Rupert Murdoch’s positions as chairman and chief executive officer of 21st Century Fox Inc. (FOXA) should be split, shareholder-advisory firm Glass, Lewis & Co. said today in support of an investor resolution.
Christian Brothers Investment Services and the British Columbia Investment Management Corp., which are pushing for an independent chairman at the media company, said the idea also has been endorsed by other proxy-advisory firms, such as Institutional Shareholder Services Inc. The resolution will be voted on at Fox’s shareholder meeting on Oct. 18.
Backers of the resolution say the board lacks independence with Murdoch holding both the chairman and CEO jobs at the entertainment company, which owns the Fox television network and film studio. They also cited the phone-hacking scandal at the News of the World paper owned by News Corp., which was broken up this year to create 21st Century Fox.
“Fallout from the News of the World phone-hacking scandal in the U.K. continues to plague the company and underscores the need for strong corporate governance guidelines, including independent board leadership,” Christian Brothers and British Columbia Investment Management said today in a statement. “Despite ethical lapses, 21st Century Fox, created as a result of News Corp.’s split in June 2013, retains Rupert Murdoch as joint chair and CEO.”
Glass Lewis and ISS are overlooking reforms that Fox directors have undertaken at the company and the value created for investors, Julie Henderson, a spokeswoman for the New York-based company, said in an e-mail.
“The disproportionate focus that both ISS and Glass Lewis place on historical matters underscores the widening credibility gap between them and our shareholders as their analyses consistently disregard the value we have created for our investors and the significant improvements we have made to our compliance programs,” Henderson said.
Murdoch, who controls Fox, and other holders of voting shares last year rejected a similar proposal, which also gained support from Glass Lewis and ISS. That proposal drew 30 percent of investors’ votes. A proposal to eliminate the company’s dual-class share structure drew 29 percent of votes.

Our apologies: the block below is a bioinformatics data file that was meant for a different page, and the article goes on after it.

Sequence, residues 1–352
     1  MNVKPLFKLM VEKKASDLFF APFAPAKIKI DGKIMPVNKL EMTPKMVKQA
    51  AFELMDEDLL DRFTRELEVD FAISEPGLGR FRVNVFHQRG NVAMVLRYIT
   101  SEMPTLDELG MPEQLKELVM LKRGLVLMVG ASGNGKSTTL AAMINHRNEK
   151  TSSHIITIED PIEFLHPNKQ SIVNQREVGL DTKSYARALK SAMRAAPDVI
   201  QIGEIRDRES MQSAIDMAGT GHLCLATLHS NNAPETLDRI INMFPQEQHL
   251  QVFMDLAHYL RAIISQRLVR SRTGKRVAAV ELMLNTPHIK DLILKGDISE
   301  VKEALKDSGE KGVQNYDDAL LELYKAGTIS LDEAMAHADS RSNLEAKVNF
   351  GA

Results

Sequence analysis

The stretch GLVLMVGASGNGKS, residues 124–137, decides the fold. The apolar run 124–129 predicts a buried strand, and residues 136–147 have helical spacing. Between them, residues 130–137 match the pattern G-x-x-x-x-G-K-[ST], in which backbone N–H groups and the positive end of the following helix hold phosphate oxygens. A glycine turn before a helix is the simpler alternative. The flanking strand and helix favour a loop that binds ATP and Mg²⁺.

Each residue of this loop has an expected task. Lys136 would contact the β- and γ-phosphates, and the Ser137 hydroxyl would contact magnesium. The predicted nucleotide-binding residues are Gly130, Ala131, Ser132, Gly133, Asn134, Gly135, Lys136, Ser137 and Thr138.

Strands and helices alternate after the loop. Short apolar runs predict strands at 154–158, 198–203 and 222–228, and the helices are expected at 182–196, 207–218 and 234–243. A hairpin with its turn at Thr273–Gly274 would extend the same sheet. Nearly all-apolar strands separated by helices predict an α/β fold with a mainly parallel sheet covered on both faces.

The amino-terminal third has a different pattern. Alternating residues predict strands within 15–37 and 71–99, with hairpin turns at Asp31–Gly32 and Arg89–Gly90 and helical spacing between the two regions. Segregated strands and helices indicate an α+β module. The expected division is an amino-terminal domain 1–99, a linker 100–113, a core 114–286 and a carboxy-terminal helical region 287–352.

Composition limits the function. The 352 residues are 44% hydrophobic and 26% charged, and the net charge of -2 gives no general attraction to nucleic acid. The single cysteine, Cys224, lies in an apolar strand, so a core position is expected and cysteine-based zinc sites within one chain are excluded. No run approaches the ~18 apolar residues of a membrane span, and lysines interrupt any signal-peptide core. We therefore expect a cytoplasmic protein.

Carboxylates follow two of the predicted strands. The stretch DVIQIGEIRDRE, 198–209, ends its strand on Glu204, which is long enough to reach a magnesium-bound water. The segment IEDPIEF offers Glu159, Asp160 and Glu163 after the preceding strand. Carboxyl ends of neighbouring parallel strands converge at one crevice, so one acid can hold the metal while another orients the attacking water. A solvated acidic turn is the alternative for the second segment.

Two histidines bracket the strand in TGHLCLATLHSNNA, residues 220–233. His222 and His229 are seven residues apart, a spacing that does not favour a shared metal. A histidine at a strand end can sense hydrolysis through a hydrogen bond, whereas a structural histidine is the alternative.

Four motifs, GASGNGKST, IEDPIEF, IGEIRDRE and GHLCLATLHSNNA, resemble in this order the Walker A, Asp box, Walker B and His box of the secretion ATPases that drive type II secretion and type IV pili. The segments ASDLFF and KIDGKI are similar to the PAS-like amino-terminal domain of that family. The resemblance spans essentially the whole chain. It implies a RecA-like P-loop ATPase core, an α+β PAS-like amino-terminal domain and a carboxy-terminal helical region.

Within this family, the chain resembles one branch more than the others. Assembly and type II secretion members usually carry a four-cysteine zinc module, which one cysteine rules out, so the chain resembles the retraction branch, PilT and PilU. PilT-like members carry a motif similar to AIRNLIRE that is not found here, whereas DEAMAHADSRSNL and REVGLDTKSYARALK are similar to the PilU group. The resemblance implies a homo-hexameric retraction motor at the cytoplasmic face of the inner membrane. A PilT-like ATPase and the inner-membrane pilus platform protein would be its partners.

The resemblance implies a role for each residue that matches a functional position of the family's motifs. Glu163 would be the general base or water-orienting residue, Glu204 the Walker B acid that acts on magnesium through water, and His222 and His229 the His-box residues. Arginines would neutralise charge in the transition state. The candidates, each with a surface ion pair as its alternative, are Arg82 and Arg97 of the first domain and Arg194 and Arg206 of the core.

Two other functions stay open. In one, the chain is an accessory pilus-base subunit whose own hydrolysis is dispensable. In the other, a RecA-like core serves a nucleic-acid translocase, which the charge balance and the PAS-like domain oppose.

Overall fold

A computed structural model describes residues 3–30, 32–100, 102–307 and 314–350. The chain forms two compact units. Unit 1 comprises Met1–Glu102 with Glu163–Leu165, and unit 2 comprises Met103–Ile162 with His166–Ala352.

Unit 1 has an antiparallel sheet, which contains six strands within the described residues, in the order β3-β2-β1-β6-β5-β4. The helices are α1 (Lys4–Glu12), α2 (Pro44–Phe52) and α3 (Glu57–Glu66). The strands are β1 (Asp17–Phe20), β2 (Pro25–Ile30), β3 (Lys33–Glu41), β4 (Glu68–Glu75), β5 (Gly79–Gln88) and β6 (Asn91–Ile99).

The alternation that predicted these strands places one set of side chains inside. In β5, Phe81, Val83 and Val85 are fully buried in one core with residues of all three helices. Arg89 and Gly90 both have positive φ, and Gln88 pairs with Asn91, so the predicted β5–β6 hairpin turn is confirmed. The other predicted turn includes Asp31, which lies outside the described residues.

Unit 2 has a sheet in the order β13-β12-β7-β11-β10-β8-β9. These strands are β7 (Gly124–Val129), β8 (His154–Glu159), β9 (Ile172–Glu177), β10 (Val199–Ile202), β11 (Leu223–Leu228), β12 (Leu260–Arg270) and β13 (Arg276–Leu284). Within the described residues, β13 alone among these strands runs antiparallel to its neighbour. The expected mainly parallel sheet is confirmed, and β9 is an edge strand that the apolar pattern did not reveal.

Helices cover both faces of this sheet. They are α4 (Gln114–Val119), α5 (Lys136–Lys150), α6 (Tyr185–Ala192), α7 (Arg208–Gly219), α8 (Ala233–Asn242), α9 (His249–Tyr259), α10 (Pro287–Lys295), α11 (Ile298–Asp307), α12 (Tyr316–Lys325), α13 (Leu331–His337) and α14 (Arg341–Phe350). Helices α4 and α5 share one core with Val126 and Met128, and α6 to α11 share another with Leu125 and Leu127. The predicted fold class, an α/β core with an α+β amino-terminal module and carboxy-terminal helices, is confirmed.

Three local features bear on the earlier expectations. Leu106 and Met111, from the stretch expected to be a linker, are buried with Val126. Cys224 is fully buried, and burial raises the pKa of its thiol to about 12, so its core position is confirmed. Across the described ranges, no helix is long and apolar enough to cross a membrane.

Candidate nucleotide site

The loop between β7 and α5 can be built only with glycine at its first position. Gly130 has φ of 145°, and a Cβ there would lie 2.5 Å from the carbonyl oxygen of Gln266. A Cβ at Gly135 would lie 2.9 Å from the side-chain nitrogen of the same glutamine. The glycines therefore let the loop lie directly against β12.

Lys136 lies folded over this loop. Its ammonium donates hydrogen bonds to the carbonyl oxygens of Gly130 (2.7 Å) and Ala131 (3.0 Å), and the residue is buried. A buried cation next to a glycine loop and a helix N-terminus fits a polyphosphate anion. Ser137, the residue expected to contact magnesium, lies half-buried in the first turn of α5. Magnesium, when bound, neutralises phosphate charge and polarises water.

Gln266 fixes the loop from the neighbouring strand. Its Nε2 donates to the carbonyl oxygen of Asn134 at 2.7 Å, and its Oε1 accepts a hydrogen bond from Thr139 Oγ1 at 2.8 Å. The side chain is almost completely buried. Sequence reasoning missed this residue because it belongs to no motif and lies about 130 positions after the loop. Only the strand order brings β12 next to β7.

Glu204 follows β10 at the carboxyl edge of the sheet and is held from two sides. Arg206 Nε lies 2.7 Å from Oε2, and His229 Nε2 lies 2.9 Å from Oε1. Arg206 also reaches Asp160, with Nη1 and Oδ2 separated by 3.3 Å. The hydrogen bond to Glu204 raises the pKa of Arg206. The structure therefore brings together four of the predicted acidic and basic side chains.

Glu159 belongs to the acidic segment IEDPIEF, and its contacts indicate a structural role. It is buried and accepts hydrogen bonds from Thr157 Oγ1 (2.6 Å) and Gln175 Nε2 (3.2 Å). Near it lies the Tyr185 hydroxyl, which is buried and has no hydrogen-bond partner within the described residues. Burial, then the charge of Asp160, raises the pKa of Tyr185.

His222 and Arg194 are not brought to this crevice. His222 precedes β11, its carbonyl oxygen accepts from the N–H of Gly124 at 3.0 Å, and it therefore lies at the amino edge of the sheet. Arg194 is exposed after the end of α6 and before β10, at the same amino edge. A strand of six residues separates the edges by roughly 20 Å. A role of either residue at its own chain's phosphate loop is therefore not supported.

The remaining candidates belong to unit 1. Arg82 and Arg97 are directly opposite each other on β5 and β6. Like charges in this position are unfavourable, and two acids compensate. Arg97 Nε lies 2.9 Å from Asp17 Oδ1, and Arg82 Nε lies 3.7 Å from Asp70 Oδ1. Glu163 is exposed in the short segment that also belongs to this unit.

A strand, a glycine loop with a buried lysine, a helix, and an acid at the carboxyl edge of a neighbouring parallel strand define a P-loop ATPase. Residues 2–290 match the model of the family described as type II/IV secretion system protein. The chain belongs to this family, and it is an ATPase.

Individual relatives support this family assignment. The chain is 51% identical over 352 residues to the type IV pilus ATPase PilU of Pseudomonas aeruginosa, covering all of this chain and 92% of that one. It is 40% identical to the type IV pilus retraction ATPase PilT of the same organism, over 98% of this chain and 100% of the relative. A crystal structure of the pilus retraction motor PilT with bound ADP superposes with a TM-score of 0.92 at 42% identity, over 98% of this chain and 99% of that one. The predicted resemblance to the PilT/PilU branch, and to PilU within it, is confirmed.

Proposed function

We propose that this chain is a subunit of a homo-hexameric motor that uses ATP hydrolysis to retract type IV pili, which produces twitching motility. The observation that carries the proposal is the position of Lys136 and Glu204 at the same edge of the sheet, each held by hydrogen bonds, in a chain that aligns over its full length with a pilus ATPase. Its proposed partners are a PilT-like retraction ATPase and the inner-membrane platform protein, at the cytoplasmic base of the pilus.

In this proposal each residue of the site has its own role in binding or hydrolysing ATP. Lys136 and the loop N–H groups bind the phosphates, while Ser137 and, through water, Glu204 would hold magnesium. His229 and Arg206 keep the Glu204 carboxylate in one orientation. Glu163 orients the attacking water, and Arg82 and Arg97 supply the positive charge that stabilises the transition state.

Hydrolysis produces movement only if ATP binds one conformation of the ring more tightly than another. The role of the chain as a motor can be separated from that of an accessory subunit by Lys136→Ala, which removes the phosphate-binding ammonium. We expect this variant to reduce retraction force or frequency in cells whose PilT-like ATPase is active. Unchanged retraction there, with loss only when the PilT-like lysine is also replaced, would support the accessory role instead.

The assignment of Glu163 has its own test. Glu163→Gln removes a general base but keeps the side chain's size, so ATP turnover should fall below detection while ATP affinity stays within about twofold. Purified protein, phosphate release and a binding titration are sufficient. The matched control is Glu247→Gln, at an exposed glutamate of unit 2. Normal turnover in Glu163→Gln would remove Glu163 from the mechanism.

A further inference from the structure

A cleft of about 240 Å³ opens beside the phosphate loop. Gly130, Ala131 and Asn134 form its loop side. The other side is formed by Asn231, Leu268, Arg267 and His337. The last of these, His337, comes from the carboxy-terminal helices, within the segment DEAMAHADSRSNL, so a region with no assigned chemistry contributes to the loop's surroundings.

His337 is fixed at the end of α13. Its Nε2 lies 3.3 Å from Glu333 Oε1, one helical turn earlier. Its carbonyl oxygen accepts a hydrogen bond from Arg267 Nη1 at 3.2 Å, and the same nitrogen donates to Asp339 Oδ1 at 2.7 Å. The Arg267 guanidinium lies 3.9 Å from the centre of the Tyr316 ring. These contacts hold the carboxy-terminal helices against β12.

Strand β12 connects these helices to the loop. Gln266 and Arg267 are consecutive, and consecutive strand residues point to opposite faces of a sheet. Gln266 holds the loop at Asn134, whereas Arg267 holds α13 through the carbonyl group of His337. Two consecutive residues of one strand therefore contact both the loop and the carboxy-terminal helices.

Fox fell 0.8 percent to $33.42 at the close in New York. The stock has gained 48 percent this year, outperforming the 19 percent increase for the Standard & Poor’s 500 Index and the 34 percent rise for an S&P index of 16 media companies.
Julie Tanner, assistant director of socially responsible investing at Christian Brothers, said that while Fox’s board has made improvements, the directors adopted a “poison pill” takeover defense without shareholder approval.
“The board continues to disregard the interests of shareholders,” Tanner said in an e-mail. “It is an unresponsive board.”
The coalition backing the proposal, with 66.2 million nonvoting Class A shares under management, includes F&C Asset Management, Aviva Investors and AP4, Tanner said.
Fox has about 1.51 billion Class A shares outstanding and about 800 million of voting Class B shares, according to data compiled by Bloomberg. The Murdoch family trust holds 314.9 million Class B shares, according to regulatory filings.
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